Your state of mind at the competition is going to help define that of your horse

Some horses don’t care if the humans around them flap like budgies but the majority will. Generally speaking a flight animal is not going to be a steadying influence. Your horse will look to you for the leadership and reassurance that it needs. Be there for your horse and be calm at all costs. Organisation and timing are the things which will allow you to do this more easily. You might know that your heart rate is up and your voice has turned shrill because you forgot thread and a plait has come out; your horse will possibly suspect that imminent death is looming because you’ve spotted a mountain lion on the edges of the lorry park.

One familiar sight at day shows is a bunch of horses getting into social mode because they are in the presence of horses they have never met before. It is a bit like walking into a full bar or nightclub. You have fairly formidable competition for your horse’s attention. The stronger your leadership / friendship bond is on a day-to-day basis, the more of a chance you stand of keeping your horse’s mind on you.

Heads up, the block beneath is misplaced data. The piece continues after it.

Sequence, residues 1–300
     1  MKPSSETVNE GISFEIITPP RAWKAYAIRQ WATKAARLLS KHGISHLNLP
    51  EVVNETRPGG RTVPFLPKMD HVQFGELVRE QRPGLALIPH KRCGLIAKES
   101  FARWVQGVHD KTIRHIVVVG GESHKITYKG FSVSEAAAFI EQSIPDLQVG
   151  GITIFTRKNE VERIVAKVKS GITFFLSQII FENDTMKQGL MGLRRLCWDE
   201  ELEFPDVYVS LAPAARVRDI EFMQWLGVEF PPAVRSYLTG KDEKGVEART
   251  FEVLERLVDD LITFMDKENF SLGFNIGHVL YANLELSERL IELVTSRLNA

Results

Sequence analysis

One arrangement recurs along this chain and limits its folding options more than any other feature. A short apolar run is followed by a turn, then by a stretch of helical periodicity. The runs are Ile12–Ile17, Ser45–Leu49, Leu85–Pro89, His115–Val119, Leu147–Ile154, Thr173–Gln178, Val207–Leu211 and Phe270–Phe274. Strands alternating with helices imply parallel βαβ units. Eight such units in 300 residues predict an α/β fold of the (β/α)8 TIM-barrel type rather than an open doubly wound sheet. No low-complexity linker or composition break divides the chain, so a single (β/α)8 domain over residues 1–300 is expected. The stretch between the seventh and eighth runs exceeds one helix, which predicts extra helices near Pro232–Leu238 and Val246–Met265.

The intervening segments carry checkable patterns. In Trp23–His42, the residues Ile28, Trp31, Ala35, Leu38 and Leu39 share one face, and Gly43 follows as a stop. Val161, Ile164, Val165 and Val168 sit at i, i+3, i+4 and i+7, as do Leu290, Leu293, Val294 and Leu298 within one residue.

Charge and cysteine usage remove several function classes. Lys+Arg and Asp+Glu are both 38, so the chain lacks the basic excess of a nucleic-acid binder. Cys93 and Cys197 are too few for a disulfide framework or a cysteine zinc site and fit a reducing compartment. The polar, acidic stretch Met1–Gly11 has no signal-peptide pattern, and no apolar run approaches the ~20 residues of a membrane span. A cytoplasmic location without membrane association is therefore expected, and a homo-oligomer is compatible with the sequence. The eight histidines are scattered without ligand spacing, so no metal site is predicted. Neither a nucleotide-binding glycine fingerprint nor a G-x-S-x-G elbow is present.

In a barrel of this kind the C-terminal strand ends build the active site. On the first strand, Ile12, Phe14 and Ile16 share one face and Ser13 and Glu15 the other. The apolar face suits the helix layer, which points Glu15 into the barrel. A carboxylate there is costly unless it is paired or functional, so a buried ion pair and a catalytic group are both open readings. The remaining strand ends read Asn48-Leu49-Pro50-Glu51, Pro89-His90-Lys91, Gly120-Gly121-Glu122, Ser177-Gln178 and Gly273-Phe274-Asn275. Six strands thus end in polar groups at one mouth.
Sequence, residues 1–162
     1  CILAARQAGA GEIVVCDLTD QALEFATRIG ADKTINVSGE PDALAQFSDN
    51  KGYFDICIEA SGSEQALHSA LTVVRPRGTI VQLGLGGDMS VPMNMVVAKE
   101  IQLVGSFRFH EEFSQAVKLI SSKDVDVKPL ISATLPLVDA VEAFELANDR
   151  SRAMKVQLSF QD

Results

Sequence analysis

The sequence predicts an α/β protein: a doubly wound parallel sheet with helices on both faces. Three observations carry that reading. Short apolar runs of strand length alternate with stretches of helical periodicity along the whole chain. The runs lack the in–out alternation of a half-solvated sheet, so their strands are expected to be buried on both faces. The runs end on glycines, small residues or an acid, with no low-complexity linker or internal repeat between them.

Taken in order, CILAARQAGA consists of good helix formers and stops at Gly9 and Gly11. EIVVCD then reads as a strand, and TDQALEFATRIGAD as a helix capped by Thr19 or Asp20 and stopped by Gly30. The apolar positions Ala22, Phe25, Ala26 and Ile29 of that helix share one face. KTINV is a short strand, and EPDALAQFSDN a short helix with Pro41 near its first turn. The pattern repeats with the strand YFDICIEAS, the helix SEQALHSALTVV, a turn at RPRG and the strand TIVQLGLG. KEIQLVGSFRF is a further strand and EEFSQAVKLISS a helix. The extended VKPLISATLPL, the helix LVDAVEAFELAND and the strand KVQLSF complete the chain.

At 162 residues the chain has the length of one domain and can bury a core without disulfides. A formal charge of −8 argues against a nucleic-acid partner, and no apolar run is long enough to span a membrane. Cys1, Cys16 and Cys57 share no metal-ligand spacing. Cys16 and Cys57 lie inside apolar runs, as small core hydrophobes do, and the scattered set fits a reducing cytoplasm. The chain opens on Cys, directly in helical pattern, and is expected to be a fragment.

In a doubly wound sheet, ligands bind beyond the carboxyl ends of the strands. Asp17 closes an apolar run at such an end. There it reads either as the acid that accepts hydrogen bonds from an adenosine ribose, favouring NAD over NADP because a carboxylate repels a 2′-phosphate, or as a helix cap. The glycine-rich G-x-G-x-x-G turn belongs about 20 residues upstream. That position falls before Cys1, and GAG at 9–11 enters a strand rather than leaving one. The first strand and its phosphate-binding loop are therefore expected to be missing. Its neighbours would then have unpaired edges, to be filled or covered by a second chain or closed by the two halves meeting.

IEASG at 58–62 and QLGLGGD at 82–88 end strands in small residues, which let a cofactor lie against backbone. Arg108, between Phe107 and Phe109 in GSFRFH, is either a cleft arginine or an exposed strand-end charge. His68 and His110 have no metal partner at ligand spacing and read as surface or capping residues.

Your test depends on the warm up and your warm up depends heavily on the kind of day your having. So plan well, be calm and happy. You’re well on your way to a good warm up and a successful test!

Take a moment to connect with your horse

Get the horse tacked up in the stable or on the lorry. Get yourself ready to go, down to the last detail, and then wait a moment. Take a moment with your horse and send everyone else away. Look your horse in the eye and have a quick friendly chat. Remind yourself that you are there with your beloved animal who does not understand what winning or losing even means. You are just going out there to do what you do everyday in training. It is no big deal, even and perhaps especially when it is a big deal. Ground yourself and take a few deep breaths.

Now you are ready to go warm up for your dressage test

I’m going to quote the wonderful Charles de Kunffy again!

When competing, ride the horse, not the test. Charles de Kunffy.